11 September, 2017

Face Recognition Surveillance

On whom, by whom and why?

A recent TV programme in the UK considered, at length, the opinions of a police commander and various others engaged in "Counter Terrorism", such as the previous problems with the IRA, and the current ones with the Islamist jihadists, with regard to new facial recognition software, which could be linked to surveillance cameras at key places.

So, before I consider the arguments, for and against the current proposals, I feel that I must refer back to the questions raised in support of the already-existing surveillance cameras all over the place, when first proposed, which were argued to be vital in combating crime.

And, now this country has the greatest concentrations of such cameras in the World, so clearly that argument did then win the day. 

So, I have to ask, "Did they really make the difference in the fight against crime?"

For, the answer is surely "No!", and one of the reasons has to be the colossal overheads in gathering collating and generally studying massive quantities of such footage, time-after-time over significantly extended periods.

They certanly didn't have the manpower for that, and surely would require substantial resoures-and-people for any new initiative, for no matter how "automated" such systems may now have become, it will still need intelligent and trained people to make it really work.

And, of course, the vast reduction in police numbers under the Tories mean that they couldn't do it. So, they will ceertainly now argue for an increase in police and intelligence numbers, but make damn sure that they will be mostly in the latter, and not in the former categories!

The software that would have to be involved (and I am software developer so I have a good idea what would be needed), would have to have been trained, by previously having been delivered with prior images of a suspect individual, to parameterise, in a wholly unique way, their facial features. 

A single shot from a particular angle just wouldn't do!

It would have to be an undertaking in many different circumstances, angles of shot, and lighting conditions. But, with sufficient exposure of this sort, a reliable means of identifying an individual could be put into a database, and, thereafter, made available to be used subsequently for identification purposes, by similar means.

Now, the above points were NOT emphasized in the content of the programme, but they are important, because the question arises, "How is such definitive amounts of shots to be compiled?", and, "Who decides who should be targeted?". The arguments aired in the programme were based upon a List of 23,000 known Islamist terrorism "sympathisers", and the fact that monitoring a single individual for just a day or two could involve 40 different officers, if carried out by current man-to-man surveillance methods.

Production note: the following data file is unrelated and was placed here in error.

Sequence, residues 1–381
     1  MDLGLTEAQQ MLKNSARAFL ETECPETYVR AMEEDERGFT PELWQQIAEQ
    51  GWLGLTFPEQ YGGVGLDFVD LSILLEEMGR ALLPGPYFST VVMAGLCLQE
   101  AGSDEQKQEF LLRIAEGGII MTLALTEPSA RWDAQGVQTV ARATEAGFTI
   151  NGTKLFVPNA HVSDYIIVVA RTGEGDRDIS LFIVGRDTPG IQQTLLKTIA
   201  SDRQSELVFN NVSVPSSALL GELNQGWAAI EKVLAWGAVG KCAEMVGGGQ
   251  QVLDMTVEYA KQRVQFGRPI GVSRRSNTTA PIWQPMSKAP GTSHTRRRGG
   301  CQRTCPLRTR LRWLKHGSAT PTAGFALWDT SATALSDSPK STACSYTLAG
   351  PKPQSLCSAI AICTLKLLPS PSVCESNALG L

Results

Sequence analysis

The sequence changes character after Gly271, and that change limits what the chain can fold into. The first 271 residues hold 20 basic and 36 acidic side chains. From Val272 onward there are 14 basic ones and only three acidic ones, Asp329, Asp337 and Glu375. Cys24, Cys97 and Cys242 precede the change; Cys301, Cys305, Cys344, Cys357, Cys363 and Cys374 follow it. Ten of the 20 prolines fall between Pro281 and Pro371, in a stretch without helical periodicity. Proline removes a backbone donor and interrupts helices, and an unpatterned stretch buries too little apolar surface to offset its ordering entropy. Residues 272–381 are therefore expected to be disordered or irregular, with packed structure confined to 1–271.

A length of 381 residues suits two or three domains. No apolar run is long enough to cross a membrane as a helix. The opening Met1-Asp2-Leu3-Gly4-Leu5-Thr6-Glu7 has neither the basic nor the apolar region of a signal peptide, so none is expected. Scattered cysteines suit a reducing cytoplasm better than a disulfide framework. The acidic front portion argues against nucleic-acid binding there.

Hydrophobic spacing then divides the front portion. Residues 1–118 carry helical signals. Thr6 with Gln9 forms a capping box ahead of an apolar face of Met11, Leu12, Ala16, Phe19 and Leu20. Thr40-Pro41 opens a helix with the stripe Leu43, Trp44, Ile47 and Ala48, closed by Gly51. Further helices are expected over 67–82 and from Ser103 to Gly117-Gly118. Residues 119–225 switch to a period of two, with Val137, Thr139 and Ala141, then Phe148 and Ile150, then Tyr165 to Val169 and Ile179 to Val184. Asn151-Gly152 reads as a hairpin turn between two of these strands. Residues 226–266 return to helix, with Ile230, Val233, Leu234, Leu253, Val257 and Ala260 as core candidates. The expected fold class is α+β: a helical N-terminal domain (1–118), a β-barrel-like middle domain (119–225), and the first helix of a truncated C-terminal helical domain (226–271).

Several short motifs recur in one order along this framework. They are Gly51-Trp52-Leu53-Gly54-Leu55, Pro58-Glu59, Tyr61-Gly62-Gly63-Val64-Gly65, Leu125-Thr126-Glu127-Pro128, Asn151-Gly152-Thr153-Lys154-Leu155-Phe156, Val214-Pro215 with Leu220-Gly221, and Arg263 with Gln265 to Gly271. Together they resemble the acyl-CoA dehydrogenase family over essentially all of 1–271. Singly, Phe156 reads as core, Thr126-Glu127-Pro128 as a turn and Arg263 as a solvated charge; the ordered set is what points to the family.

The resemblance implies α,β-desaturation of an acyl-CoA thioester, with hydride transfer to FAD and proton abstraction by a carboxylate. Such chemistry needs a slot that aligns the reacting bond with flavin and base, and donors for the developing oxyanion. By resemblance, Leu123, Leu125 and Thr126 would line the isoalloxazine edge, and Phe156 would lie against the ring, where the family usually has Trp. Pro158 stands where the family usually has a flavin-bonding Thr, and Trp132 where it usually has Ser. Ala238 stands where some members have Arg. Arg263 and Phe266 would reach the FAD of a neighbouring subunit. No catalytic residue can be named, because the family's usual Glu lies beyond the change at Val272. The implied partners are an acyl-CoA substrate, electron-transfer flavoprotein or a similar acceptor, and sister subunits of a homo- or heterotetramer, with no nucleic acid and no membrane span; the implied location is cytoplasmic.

Clearly, those charged with "keeping-an-eye" upon possible suspects were greatly in favour of a distributed system of surveillance cameras with access to a comprehensive database compiled by such a software system, along with an Interrogator System, for matching just-seen faces with that record. Surely, if what was seen was only a momentary glimpse, and at an inconvenient angle, it would be unlikely to be sufficient, so the obvious factors would include optimised positions for the most useful, easily-analysable views, and a following system of other cameras to have a chance of confirming the supposed recognition, no matter how inadequate were the new-images.

Now, IF all this is to be automatically gathered, without decision-making operators, then the recognition alone wouldn't be enough. They would also have to be timed, specifically situated and linked to other recognitions at various places and times, and checked for similar movements by other contacts on the database, or even requiring newly-occurring contacts to be decided on as being necessary additions to the list.

We are talking about a significant surveillance system, which would unavoidably also capture many images of the general public too. Clearly, such a system could, and indeed would be most definitely misused!

What would stop it being used against political opponents of the Government, for example? 

Notice how meetings by Jeremy Corbyn with Sinn Fein politicians many decades ago were used to say he supported terrorism!

This could, very easily, be the first step towards a real surveillance state!

And, with the increasing crisis of the Current Capitalist Economic System, it would undoubtedly be used against all agitators for the end of that system! They would be labelled as terrorists, and both monitored and hassled in all possible ways to disrupt their agitations...

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